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I'm used to coding Java Swing UIs, and in those if you have some properties that change, and you want your UI to update, you would implement the observer/observable pattern. In Java you do this normally by having your class maintain a list of listeners that it notifies of different events.

I've played with Objective-C on the Mac, and that has KVC and binding which seems to work very nicely, and requires less code. The iPhone SDK doesn't seem to have this functionality though, so my question is: If I have a class that holds data that changes, what's the best way for me to register a UI component with that class so that it can be notified of changes in the data that it needs to display?

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3 Answers 3

up vote 35 down vote accepted

There are two built-in ways of doing observation in Cocoa: Key-Value Observing and notifications. In neither system do you need to maintain or notify a collection of observers yourself; the framework will handle that for you.

Key-Value Observing (KVO) lets you observe a property of an object — including even a property that represents a collection — and be notified of changes to that property. You just need to send the object -addObserver:forKeyPath:options:context: passing the object you want to receive updates, the key path of the property (relative to the receiver) for which you want to receive updates, and the types of updates you want to receive. (There are similar methods you can use if you want to observe a property representing a collection.)

Notifications are older and heavier-weight. You register with an NSNotificationCenter — usually the default center — an object and selector pair to be passed a notification when an event occurs. The notification object itself can contain arbitrary data via its userInfo property, and you can choose to observe all notifications of a specific name rather than those that apply to a particular object.

Which should you use in any particular case? In general, if you care about changes to a specific property of a specific object, use Key-Value Observing. That's what it's designed for and it's intentionally lightweight. (Among other uses, it is the foundation on which Cocoa Bindings are built.) If you care about a change in state that isn't represented by a property, then notifications are more appropriate.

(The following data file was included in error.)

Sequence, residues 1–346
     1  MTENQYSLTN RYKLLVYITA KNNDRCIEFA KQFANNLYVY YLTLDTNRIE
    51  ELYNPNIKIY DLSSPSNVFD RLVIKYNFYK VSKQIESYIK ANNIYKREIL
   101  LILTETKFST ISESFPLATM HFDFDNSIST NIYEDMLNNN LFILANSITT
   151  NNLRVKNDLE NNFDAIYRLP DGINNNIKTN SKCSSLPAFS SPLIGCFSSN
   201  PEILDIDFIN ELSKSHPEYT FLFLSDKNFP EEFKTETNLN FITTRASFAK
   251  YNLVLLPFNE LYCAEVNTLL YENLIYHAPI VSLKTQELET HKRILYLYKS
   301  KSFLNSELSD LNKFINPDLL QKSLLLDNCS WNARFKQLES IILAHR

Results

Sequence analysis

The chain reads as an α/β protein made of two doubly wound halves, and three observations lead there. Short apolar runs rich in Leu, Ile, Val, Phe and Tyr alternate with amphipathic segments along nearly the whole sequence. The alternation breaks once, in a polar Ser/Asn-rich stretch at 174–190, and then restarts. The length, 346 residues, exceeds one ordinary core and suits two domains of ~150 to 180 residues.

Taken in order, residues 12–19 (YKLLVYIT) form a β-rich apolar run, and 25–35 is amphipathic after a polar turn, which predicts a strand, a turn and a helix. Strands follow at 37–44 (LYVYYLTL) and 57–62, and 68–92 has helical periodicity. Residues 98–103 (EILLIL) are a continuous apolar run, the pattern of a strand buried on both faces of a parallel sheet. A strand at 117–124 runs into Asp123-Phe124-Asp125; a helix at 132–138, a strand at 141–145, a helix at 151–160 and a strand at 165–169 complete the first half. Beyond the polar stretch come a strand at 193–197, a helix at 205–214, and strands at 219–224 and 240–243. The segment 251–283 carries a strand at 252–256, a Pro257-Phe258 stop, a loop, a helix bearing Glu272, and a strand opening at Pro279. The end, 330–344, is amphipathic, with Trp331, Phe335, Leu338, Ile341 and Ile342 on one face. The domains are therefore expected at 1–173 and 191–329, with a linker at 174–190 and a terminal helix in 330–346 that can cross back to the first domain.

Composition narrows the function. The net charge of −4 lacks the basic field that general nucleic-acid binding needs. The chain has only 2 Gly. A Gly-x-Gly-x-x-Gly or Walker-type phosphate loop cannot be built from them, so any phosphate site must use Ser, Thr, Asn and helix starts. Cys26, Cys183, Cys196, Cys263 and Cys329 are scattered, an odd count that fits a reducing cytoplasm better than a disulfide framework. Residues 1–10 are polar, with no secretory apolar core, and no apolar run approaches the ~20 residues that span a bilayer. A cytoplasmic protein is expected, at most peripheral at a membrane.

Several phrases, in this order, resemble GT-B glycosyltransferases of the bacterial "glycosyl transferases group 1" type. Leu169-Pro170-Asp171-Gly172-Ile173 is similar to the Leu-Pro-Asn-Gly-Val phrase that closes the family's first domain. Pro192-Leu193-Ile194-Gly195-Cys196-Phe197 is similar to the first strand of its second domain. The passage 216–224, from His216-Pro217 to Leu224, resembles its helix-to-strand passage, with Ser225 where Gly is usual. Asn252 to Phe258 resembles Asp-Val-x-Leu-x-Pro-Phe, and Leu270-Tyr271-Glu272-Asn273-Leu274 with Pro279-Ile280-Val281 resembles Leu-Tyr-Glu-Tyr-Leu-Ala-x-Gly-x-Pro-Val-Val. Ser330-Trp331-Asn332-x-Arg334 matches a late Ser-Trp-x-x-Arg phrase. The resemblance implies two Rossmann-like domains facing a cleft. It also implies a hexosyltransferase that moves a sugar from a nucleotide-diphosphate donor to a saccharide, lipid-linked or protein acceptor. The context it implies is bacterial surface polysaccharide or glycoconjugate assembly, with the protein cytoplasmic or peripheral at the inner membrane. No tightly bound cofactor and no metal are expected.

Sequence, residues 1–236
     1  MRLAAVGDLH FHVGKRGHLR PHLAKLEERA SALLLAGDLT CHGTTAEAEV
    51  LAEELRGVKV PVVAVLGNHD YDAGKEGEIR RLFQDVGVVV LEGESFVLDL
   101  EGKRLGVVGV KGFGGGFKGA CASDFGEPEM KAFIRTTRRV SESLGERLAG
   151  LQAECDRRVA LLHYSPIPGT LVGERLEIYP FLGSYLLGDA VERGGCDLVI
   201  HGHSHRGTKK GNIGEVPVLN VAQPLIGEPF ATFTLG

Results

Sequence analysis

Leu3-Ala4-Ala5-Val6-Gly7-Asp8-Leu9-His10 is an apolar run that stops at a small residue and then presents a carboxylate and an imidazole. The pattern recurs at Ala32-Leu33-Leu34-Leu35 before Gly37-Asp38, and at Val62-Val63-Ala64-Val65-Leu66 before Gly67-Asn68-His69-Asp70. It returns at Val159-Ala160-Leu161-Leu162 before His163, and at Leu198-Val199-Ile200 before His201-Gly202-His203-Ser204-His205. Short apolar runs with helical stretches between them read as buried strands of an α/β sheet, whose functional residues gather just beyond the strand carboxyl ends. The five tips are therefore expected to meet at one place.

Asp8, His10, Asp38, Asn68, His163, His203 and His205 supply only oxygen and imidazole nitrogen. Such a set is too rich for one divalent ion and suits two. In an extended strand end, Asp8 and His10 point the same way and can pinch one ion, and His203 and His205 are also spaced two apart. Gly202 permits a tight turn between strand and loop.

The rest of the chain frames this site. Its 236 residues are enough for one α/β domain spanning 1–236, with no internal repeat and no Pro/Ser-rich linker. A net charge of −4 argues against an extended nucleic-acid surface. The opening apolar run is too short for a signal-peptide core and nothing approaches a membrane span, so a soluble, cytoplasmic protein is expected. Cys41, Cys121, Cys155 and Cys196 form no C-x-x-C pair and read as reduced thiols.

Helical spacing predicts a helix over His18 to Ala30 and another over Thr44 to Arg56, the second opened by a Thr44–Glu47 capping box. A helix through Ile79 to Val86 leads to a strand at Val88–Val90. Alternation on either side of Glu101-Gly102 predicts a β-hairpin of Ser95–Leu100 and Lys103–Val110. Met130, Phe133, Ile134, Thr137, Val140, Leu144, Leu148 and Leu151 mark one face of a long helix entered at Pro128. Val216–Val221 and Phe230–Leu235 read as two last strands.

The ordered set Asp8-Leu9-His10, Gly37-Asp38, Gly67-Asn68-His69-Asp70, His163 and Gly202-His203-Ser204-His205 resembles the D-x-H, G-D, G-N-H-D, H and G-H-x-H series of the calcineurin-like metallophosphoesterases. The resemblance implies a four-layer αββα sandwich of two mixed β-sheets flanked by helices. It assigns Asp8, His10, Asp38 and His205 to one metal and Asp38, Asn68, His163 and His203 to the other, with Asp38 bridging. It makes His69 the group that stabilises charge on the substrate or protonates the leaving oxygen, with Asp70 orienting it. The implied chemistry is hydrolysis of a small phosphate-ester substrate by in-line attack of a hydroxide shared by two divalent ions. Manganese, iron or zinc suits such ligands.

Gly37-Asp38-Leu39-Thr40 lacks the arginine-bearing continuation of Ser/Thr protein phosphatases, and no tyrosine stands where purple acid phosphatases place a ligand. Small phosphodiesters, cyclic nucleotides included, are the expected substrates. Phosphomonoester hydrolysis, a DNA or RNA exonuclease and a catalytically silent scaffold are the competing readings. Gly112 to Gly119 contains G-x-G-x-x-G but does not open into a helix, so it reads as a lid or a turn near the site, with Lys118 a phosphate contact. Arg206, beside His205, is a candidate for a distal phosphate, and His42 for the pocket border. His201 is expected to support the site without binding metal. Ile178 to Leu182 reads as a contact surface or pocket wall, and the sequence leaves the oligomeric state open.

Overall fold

For example, to stay in sync when the user changes the name of a model object, I'd use KVO. To know when an entire object graph was saved, I'd use notifications.

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4  
Great answer - but with the KVO approach, how do you remove an observer that has registered with many objects? I thought (wrongly) that KVO used notifications under the hood - but I don't think it does. Thus after using addObserver:X forKeyPath:..., if you try to later do: [[NSNotificationCenter defaultCenter] removeObserver: X] this doesn't work? It seems to imply that you have to keep a separate list of all objects that X is observing so you can remove the observation. Or am i missing something? –  TimM Oct 1 '09 at 10:11
    
@TimM: You would call the appropriate method for the observed object. For example: [self removeObserver:theObserver forKeyPath:@"someProperty"]; –  FreeAsInBeer Jan 17 '12 at 14:37
    
New in OS X 10.7 Lion and iOS 5.0, there's a method -removeObserver:forKeyPath:context: to which you can pass the same context you passed when adding the observer. You should do that whenever possible, in case multiple objects are observing the same key path. –  Chris Hanson Jan 28 '12 at 20:55

I also found that you can do:

[[NSNotificationCenter defaultCenter] addObserver:self selector:@selector(_handleWhateverChange) name:@"whateverChange" object:nil];

To register for change events, and

[[NSNotificationCenter defaultCenter] postNotificationName:@"whateverChange" object:nil];

To fire them. I might be a N00b but I just couldn't get the observer for key path thing to work for me.

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That's not generally the way that it's done. Take a look at the discussion here, in particular the link to the Apple documentation.

If you still want to do it the way you say you do, it's not particularly hard to implement something like bindings "by hand". You'd just create a "binding" object that knows how to subscribe to changes, and connects to a property of a view.

To actually answer how it's done - normally, you have a controller object that monitors the state of the model (acting something like an Observer), and updates the view object(s) as necessary.

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I'm just asking what way is best, and giving a JAVA example. I'm not particularly fussed if the Objective-C way is totally different, I just want to know what it is. –  rustyshelf Oct 3 '08 at 6:11
    
Got it. I edited my answer to make it clearer what I was talking about. –  Mark Bessey Oct 3 '08 at 6:22

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